The broadcast company, which will retain the Tribune name, will include its 42 local TV stations, superstation WGN America, an equity stake in the TV Food Network, and digital and real estate assets.
"Each will be a stronger company when separated from the other," Tribune Chief Executive Officer Peter Liguori wrote in memo to employees. "(The spinoff) will also allow us to maintain flexibility as we continue considering all our strategic alternatives for maximizing shareholder value."
Newspapers have faced unprecedented challenges in recent years as advertisers flee the medium and consumers ditch print subscriptions in favor digital access for their smartphones and tablets.
Earlier this year, Tribune said it was looking at selling the newspapers after it retained Evercore Partners and JPMorgan Chase.
Tribune had not officially begun the sale process for the newspapers, a person familiar with the company told Reuters last week.
A separate newspaper company could be easier to sell since the split would resolve questions around real estate and digital assets like CareerBuilder and Classified Ventures.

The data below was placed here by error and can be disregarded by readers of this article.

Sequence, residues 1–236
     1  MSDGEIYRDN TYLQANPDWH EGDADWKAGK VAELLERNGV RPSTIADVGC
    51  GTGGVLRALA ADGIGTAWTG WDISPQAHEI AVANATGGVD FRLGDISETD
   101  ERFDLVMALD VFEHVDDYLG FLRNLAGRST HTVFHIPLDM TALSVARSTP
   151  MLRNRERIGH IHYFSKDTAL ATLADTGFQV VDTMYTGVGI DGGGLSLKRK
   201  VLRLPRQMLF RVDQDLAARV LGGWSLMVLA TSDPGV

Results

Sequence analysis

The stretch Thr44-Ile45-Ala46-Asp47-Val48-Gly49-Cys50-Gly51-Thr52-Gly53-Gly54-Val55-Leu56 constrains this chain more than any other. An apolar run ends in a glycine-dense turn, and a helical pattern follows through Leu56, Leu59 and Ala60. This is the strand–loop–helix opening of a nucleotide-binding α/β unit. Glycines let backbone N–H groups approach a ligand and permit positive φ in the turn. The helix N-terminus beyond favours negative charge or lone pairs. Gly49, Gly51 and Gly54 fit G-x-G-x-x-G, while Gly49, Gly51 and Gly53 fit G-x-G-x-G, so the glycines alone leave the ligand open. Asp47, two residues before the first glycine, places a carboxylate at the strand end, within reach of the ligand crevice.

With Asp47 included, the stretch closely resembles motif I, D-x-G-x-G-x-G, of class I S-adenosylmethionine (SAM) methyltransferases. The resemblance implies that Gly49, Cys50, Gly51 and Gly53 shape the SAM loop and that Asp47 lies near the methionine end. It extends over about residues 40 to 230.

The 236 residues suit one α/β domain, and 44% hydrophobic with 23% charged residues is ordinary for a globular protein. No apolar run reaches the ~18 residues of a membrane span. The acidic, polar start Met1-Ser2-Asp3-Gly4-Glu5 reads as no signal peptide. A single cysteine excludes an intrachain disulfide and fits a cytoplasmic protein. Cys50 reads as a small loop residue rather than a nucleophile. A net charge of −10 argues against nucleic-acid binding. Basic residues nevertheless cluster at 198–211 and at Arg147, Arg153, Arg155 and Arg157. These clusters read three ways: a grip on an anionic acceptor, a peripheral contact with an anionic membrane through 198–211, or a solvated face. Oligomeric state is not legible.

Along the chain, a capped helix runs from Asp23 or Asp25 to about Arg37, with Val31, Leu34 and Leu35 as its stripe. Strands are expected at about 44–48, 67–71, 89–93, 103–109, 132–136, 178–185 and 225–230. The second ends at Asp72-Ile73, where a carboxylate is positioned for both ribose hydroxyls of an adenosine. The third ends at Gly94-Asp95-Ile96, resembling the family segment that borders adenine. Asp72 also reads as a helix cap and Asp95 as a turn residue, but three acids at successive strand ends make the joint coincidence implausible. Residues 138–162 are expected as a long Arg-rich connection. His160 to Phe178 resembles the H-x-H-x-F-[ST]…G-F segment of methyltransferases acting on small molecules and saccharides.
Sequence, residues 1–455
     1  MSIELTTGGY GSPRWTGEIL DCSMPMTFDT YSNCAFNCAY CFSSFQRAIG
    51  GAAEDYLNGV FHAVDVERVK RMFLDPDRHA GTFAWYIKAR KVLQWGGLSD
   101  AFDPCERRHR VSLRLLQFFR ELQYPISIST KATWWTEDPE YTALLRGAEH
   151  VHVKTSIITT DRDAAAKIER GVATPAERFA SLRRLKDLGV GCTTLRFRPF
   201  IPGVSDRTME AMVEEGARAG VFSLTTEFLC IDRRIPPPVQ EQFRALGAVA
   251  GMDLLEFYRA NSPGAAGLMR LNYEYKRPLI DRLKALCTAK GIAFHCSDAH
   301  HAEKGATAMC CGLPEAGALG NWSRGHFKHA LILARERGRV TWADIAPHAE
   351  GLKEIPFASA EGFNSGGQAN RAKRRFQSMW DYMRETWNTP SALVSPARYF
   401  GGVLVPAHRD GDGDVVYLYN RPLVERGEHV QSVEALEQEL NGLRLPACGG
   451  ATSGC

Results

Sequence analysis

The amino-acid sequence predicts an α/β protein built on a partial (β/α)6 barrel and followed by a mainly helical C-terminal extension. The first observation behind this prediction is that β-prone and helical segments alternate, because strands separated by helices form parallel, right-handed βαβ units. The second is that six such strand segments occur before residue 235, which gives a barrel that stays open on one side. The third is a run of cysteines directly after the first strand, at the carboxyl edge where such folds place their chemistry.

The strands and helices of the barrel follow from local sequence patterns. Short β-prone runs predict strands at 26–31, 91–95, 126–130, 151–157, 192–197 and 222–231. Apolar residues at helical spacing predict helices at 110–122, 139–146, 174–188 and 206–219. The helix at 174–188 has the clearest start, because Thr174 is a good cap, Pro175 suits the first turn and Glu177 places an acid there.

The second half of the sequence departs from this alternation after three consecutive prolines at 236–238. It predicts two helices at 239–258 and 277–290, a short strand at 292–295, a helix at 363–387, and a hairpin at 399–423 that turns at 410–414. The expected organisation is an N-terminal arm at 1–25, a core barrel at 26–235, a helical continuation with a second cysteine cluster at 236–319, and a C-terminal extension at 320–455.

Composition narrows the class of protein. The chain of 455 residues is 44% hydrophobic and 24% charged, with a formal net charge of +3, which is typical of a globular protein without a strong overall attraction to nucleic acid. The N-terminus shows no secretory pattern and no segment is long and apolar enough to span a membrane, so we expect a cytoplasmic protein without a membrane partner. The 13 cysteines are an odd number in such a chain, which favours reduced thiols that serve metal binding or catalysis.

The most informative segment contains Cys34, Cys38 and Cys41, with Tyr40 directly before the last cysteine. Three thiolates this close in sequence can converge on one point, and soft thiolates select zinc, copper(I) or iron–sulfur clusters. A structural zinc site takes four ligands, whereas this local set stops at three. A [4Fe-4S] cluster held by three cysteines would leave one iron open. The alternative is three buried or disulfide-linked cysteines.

Tribune expects to complete the separation over the next 12 months, and management will present detailed plans for the board to consider. Each company would have revenue in excess of $1 billion, Tribune said.
Tribune has already turned its attention to television. A longtime broadcast executive from Fox andDiscovery Communications, Liguori orchestrated Tribune's blockbuster acquisition of Local TV for $2.3 billion just last week.
In 2012, Tribune's publishing assets accounted for two-thirds of the company's total revenue of $3.1 billion but only 22 percent of total operating profit of $396.4 million.